Polio Virus Created From Scratch in Lab
Will Smallpox Be Next? Not Likely, Scientists Say
WebMD News Archive
"We wanted to make sure that everybody knows -- and is put on notice -- that this kind of work can be done," he tells WebMD. "This kind of work is only a warning message. But we should note the possibility that such misuse of modern biomedical research and biotechnology could cause harm. Once we know that, we can begin to think of safeguards."
He says the WHO has already planned to stockpile polio vaccines to contain any outbreak and is continuing the vaccination program.
There's always the fear of the mad, isolated scientist not connected with any terrorist organization, Wimmer says. "That's the problem with anthrax, which we suspect was done by a very sophisticated U.S. citizen, yet we can't find him. You always have the fear of somebody crazy and intelligent. If that's the case, that person could have done what we did without our paper."
Re-creating a virus, however, "is a real complicated thing," he says. "It sounds easy, but in fact it is not easy."
"I would downplay idea that there's a threat to the public," Frederic Bushman, PhD, associate professor in infectious diseases at the Salk Institute for Biologic Studies in La Jolla, Calif., tells WebMD.
Bushman, a virologist, agreed to comment on Wimmer's research for WebMD.
In truth, the ability to assemble packages of DNA [to create an organism like the polio virus] has been available since the early 1980s, says Bushman. "There's nothing terribly new about this development -- the methods have been around a long time. But I'd like to emphasize that it's not terribly easy. It would take several people in a lab working for a couple years, and there aren't that many labs outside the U.S. that could do it."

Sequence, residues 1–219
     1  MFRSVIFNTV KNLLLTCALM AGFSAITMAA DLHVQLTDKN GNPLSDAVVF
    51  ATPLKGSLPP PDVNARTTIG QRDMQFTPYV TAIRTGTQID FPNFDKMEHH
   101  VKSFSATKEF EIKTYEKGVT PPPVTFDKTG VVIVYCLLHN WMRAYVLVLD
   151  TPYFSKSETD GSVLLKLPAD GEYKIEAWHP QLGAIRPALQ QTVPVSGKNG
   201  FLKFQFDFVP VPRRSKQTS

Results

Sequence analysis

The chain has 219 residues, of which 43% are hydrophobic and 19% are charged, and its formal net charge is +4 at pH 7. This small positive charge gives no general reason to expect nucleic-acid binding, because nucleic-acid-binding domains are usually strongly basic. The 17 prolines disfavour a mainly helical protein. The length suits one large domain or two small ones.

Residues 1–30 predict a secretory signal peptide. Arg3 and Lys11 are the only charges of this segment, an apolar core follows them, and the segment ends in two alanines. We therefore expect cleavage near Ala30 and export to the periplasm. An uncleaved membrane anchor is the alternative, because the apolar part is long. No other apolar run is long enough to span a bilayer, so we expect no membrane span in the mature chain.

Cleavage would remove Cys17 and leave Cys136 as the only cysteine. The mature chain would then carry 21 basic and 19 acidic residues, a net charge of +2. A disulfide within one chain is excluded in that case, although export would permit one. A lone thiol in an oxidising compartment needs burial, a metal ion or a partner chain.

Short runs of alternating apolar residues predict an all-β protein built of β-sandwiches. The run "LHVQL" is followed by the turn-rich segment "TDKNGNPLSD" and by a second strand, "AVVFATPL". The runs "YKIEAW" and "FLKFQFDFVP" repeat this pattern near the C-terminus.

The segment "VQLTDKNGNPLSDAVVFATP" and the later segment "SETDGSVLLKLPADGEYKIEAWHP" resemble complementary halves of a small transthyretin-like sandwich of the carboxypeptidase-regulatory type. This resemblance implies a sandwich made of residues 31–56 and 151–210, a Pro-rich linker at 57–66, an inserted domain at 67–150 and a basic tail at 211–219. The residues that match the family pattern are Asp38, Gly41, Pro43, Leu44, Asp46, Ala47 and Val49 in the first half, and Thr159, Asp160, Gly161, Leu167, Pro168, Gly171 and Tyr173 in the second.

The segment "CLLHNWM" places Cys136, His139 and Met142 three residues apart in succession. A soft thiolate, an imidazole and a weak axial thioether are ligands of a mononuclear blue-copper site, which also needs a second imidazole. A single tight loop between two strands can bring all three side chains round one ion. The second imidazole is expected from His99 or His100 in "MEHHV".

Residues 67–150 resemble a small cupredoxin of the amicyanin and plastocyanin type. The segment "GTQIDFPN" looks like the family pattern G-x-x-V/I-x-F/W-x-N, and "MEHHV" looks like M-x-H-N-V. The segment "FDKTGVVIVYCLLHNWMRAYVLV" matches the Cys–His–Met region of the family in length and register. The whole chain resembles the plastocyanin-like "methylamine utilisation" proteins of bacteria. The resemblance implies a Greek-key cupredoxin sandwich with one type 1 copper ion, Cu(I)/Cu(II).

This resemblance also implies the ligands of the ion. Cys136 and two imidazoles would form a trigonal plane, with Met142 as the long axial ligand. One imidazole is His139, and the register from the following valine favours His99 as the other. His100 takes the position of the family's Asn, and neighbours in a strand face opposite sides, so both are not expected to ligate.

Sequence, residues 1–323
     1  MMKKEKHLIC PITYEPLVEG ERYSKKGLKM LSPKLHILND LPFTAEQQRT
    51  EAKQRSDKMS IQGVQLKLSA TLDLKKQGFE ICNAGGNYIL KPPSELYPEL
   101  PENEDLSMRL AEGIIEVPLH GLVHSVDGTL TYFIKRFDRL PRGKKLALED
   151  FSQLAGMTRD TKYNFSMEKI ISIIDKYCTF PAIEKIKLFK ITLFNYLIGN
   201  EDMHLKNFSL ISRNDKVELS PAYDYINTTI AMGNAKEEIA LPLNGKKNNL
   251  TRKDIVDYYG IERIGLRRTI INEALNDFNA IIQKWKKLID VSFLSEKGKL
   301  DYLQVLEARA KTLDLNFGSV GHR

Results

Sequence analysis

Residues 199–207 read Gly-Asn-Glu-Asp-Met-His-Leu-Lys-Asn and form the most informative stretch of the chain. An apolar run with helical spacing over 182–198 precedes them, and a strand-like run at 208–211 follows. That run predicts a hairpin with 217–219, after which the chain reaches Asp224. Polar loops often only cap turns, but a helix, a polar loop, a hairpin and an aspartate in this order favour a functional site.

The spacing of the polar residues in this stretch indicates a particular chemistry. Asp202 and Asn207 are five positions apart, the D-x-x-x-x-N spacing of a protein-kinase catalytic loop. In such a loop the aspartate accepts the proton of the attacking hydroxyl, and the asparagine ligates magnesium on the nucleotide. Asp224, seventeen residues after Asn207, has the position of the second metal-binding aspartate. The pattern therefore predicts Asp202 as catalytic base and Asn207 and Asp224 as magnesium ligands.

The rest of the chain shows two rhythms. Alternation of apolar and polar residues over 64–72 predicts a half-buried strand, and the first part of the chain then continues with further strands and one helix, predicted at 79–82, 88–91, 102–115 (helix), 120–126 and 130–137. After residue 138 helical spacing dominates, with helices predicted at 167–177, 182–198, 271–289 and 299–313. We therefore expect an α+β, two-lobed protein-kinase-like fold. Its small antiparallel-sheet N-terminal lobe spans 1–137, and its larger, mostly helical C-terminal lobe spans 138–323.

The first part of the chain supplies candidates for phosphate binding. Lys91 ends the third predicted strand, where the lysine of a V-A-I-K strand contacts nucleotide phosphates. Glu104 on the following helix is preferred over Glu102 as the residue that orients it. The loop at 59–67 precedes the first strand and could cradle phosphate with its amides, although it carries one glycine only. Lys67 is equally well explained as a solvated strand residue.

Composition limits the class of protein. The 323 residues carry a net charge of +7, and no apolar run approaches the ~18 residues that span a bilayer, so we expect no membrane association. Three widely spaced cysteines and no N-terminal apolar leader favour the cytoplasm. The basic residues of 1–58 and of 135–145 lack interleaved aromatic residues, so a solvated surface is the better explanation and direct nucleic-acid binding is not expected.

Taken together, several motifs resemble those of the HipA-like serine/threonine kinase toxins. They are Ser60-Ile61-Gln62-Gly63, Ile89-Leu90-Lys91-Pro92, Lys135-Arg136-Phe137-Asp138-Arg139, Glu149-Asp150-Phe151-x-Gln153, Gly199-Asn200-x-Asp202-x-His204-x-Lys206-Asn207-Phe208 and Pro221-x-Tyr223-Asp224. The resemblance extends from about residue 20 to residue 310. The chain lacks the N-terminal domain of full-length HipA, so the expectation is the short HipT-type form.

Replicating a smallpox virus DNA "would be difficult to the point of impossible," he tells WebMD. "It would take an industrial plant doing experiments for many years to do it."
Also, pox viruses present special problems: They need to bind with proteins in order to replicate, "so you would have to put together a more sophisticated package than just the DNA," Bushman says.
Rather than focusing on "the nastiest thing possible," he would like to see researchers stick to studies of new medicines or vaccines, "and avoid grandstanding about what awful things might come of our research. There's the risk of a backlash from this kind of thing."